Job-Fit assessments – Do they work?
I took a battery of psychological tests to experience both the process and to try to validate the use of psychological tests in the hiring process.
When a hiring company creates a position, they may hire a talent management company to meet with the hiring team, manager, and possibly a few direct reports. Together they determine the attributes needed to best fill the position. Candidates are asked to complete a battery of tests, usually through an online tool. Then the talent management company analyzes the results to determine the best possible matches for the position.
Four months ago, I was given the opportunity by a talent management company to take a battery of these tests. The tests took approximately 90 minutes to complete.
Three weeks later I was debriefed during a 2-hour session. Prior to the session, a 72-page report was emailed to me to peruse before the meeting.
The 72-page report was obviously computer generated. I was astonished to find the comments terse, judgmental, and often carrying mixed messages.
One place indicated I show great “Persistence in job completion.” Yet, “She may lose interest in a project once the challenge ceases.” Huh?
The composite overview was accurate in some areas and not in others. It accurately cited challenges that I experienced, especially early in my career, but did not make any attempt to identify if I had learned to manage any of the “negative attributes.”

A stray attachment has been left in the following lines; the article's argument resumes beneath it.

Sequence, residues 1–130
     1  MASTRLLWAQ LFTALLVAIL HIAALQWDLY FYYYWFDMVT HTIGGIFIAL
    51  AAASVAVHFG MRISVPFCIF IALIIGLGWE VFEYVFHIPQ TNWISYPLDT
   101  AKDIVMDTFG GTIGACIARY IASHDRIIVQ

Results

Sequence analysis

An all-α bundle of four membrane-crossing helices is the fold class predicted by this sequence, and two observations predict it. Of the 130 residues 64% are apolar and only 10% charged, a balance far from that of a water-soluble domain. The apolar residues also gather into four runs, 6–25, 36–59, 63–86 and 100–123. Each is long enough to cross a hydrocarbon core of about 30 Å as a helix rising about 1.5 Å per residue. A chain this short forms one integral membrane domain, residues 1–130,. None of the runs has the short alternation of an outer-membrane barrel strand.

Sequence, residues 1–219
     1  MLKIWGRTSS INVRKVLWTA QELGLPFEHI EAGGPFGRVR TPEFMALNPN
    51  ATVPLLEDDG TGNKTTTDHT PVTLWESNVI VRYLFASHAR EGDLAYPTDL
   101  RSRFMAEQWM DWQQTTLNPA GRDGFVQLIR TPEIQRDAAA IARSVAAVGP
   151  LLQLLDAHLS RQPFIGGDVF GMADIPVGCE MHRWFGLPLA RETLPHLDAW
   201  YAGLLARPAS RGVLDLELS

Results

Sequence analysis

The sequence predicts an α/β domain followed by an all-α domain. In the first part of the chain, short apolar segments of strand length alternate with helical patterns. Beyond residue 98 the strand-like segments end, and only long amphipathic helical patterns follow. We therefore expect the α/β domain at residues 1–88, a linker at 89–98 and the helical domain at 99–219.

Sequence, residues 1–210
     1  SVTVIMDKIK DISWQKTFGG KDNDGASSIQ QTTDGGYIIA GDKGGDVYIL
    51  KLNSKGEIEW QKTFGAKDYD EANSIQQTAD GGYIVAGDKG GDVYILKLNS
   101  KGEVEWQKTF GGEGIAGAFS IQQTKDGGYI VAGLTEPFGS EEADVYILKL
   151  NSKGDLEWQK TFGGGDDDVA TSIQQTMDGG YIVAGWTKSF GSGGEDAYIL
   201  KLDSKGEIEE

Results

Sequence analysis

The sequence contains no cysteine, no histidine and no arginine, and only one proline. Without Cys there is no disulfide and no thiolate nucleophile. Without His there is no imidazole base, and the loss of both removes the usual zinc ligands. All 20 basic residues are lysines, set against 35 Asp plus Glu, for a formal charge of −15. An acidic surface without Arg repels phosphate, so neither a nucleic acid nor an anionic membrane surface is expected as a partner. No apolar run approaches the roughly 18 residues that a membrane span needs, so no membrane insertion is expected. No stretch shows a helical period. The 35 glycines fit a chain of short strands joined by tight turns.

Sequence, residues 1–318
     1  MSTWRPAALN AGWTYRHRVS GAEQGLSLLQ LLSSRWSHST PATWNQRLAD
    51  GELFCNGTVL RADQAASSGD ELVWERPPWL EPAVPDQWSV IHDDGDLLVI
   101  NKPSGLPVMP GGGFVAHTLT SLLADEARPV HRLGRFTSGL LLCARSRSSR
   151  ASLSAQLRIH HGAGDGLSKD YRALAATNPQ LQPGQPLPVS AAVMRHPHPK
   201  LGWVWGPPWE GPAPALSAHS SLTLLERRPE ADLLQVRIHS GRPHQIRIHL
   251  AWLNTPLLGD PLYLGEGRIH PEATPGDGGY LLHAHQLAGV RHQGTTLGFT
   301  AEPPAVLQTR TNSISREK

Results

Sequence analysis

During the 2-hour debrief I asked the “coach” if the reports seems negative to other respondents. “Oh my yes!” was his response. So I asked what would keep someone in the work environment from misusing the information. The response was that since they had also been through the process, that they wouldn’t do that. (I’m quite skeptical about that.)
My opinion and concerns:
My experience with the results, leaves me highly suspect. The candidate responds to questions without context. And it is impossible for assessments to be specific with regard to a particular work-place.
If the assessments are inaccurate (mine was on several key areas!), the misconception is still there in the minds of the readers.
Truly the information in the report could be used equally well to find reason to fire me or hire me—depending on the objective of the person reading it.
Another concern regards the handling of highly personal information. The person I spoke with could not tell me where my information was being kept, for how long, and if there were any safe-guards in place to ensure it would not be used inappropriately.
The future of psychological testing:
A Harvard Business Review study, cited on the Iowa State University Extension website, found that 80 percent of turnover is caused by inefficient hiring decisions on the part of the employer.
So, with those kinds of numbers, I believe we can clearly expect that businesses are going to continue to find ways to become more effective in the hiring process.
If I had been applying for a job, I would have approached the tests differently, and I strongly recommend reading Part 3 of this series to learn how to approach these tests.